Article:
MASSDEVICE ON CALL — A group of Canadian students hopes to help revolutionize prosthetics with the use of brain-controlled electronics.
University of Toronto student Ryan Mintz demonstrated the technology he developed with his team, showing how simple gestures such as winking or clenching your teeth can be translated into signals that the robot can translate into gestures.
The devices uses non-invasive, commercial EEG readers to pick up electrical signals given off by the brain, using software to convert those signals into specific tasks that the robot can complete, such as clenching or un-cleching its fingers and rotating its wrist.
Google Glass is par for the course at UC Irvine School of Medicine
Leaders at the UC Irvine School of Medicine became the 1st to incorporate Google Glass into their standard curriculum, saying that the technology "will let us bring a more impactful and relevant clinical learning experience to our students."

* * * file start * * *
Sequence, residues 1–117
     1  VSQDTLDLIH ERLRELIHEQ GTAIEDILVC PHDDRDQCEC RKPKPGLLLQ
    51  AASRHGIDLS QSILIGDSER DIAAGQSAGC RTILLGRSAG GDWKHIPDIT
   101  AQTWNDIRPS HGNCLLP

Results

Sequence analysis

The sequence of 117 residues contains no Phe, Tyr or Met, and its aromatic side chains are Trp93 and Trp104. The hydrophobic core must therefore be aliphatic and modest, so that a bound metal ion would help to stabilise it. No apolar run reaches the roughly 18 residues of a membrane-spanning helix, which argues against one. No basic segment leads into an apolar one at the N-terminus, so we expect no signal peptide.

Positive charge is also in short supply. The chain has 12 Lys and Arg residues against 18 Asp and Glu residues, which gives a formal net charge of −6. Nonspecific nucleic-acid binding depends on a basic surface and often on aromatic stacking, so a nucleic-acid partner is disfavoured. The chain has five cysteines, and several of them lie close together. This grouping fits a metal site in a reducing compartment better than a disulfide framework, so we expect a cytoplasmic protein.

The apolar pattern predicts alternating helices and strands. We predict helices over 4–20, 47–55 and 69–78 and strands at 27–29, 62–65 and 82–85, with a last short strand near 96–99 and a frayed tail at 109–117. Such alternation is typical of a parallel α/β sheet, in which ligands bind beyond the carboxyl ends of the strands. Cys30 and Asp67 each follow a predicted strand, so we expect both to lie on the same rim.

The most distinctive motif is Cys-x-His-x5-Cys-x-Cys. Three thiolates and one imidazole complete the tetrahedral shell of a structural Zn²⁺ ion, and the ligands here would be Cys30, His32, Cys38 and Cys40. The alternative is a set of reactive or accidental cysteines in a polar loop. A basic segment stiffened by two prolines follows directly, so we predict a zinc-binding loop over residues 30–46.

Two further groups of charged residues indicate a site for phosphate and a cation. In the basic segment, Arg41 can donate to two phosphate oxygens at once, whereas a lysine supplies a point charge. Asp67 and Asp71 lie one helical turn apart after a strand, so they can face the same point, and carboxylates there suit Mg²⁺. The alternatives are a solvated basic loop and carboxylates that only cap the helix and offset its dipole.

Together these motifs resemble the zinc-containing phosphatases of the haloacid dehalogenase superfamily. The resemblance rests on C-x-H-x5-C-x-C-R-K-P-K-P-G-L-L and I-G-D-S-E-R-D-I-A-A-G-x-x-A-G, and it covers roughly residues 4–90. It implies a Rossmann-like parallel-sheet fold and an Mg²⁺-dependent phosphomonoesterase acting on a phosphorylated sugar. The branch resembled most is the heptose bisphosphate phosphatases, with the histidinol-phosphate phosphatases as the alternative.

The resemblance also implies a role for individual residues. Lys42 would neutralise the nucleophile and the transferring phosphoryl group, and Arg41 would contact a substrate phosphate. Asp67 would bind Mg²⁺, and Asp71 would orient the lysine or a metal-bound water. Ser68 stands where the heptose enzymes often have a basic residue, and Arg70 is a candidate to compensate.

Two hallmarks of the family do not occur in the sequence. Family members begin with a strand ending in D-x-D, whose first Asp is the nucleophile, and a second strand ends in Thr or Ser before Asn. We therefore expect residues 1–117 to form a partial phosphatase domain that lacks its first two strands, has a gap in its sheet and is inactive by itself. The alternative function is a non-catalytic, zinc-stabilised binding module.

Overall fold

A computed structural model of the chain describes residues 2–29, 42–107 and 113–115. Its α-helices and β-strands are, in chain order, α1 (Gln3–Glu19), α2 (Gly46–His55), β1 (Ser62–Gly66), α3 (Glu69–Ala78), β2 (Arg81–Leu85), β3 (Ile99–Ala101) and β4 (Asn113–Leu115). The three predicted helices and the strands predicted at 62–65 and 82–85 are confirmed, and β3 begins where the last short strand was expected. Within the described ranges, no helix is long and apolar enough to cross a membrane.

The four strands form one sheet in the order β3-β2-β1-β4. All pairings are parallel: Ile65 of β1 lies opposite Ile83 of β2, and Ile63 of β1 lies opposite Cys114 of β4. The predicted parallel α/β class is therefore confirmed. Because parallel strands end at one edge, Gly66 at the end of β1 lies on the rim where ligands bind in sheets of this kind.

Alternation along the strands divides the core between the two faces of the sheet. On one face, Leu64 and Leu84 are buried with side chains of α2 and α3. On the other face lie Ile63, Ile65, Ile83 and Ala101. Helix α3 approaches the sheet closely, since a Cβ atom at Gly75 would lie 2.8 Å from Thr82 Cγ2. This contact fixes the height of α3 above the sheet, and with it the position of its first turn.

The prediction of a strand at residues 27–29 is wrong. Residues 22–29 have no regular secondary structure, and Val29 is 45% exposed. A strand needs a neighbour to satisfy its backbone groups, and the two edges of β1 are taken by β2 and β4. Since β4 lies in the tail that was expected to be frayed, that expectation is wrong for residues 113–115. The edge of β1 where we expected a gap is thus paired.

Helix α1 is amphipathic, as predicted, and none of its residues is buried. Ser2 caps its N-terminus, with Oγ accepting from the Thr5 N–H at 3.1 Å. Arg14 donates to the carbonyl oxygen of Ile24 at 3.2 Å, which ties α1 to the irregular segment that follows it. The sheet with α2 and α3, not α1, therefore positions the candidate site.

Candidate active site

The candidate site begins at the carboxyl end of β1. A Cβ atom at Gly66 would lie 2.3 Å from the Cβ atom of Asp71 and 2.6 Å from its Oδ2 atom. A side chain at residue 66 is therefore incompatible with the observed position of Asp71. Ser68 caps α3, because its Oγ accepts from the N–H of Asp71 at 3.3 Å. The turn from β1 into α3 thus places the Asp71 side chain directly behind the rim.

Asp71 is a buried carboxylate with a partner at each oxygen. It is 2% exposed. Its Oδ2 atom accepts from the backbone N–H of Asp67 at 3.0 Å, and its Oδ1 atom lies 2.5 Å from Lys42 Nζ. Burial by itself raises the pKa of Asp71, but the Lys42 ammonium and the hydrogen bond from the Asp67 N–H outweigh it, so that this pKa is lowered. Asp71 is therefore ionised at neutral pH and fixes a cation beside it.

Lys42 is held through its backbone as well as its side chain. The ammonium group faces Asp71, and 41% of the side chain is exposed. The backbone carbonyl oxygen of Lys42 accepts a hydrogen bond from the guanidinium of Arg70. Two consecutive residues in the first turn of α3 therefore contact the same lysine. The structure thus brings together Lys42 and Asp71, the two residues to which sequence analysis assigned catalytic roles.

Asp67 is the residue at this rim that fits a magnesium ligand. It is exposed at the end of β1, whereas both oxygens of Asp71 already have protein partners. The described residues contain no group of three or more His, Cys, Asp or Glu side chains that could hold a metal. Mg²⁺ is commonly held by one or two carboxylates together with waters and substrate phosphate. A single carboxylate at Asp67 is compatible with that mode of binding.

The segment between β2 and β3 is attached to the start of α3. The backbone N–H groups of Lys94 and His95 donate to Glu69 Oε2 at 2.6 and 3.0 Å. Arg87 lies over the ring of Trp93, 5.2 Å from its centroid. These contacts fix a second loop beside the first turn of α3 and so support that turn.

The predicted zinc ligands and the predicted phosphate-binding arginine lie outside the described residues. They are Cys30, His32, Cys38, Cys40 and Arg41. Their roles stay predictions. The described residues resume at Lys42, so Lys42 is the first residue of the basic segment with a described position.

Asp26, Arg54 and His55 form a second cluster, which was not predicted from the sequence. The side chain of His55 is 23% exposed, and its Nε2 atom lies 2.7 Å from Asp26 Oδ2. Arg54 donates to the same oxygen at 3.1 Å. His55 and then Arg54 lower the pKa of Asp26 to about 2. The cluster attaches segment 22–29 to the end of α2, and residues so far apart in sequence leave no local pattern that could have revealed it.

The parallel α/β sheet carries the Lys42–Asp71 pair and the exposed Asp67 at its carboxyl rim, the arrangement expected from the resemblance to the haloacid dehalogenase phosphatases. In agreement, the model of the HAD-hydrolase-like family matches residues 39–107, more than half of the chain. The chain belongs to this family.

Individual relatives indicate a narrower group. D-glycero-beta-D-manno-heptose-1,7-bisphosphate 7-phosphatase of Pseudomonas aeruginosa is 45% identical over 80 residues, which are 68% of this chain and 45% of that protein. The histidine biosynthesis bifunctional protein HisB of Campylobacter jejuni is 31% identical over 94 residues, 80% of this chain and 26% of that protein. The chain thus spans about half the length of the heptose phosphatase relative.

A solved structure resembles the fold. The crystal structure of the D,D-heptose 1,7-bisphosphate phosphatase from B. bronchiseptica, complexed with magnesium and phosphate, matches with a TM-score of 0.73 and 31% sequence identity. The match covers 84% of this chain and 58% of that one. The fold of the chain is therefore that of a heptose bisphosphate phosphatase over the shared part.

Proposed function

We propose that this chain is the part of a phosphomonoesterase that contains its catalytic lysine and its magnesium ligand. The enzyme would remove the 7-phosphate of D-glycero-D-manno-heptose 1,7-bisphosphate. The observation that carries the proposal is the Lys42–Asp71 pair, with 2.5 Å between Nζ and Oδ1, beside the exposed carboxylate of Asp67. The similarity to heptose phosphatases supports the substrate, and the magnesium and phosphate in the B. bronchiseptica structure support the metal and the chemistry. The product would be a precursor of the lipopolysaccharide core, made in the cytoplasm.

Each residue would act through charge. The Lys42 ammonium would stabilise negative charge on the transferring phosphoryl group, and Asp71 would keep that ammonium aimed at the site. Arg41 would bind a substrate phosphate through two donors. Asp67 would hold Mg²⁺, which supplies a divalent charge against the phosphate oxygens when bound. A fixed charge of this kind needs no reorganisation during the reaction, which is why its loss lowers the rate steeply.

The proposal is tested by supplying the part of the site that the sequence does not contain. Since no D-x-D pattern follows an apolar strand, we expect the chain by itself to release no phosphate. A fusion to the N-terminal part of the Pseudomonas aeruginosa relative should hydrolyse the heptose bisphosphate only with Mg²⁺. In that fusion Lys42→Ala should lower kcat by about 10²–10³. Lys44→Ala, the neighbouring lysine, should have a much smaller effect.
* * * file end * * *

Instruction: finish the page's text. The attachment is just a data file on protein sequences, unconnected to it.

Performance Health Systems touts vibration for blood pressure reduction
Illinois-based Performance Health Systems says that years’ of clinical studies have linked whole body vibration and lowered blood pressure.
How to save an opera singer’s voice
Thyroidectomy patients ranging from opera singers to rabbi cantors had better vocal outcomes when they had vocal cord monitoring during surgery, according to research presented during the American Assn. of Clinical Endocrinologists’ 23rd Annual Scientific & Clinical Congress in Las Vegas.